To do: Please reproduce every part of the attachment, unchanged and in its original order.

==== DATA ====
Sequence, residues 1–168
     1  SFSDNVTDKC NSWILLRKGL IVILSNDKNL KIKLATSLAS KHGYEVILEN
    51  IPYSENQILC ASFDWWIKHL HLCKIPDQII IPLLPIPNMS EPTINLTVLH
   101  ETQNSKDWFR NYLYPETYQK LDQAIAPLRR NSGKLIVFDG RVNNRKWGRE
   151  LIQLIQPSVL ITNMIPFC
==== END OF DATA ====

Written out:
Sequence, residues 1–168
     1  SFSDNVTDKC NSWILLRKGL IVILSNDKNL KIKLATSLAS KHGYEVILEN
    51  IPYSENQILC ASFDWWIKHL HLCKIPDQII IPLLPIPNMS EPTINLTVLH
   101  ETQNSKDWFR NYLYPETYQK LDQAIAPLRR NSGKLIVFDG RVNNRKWGRE
   151  LIQLIQPSVL ITNMIPFC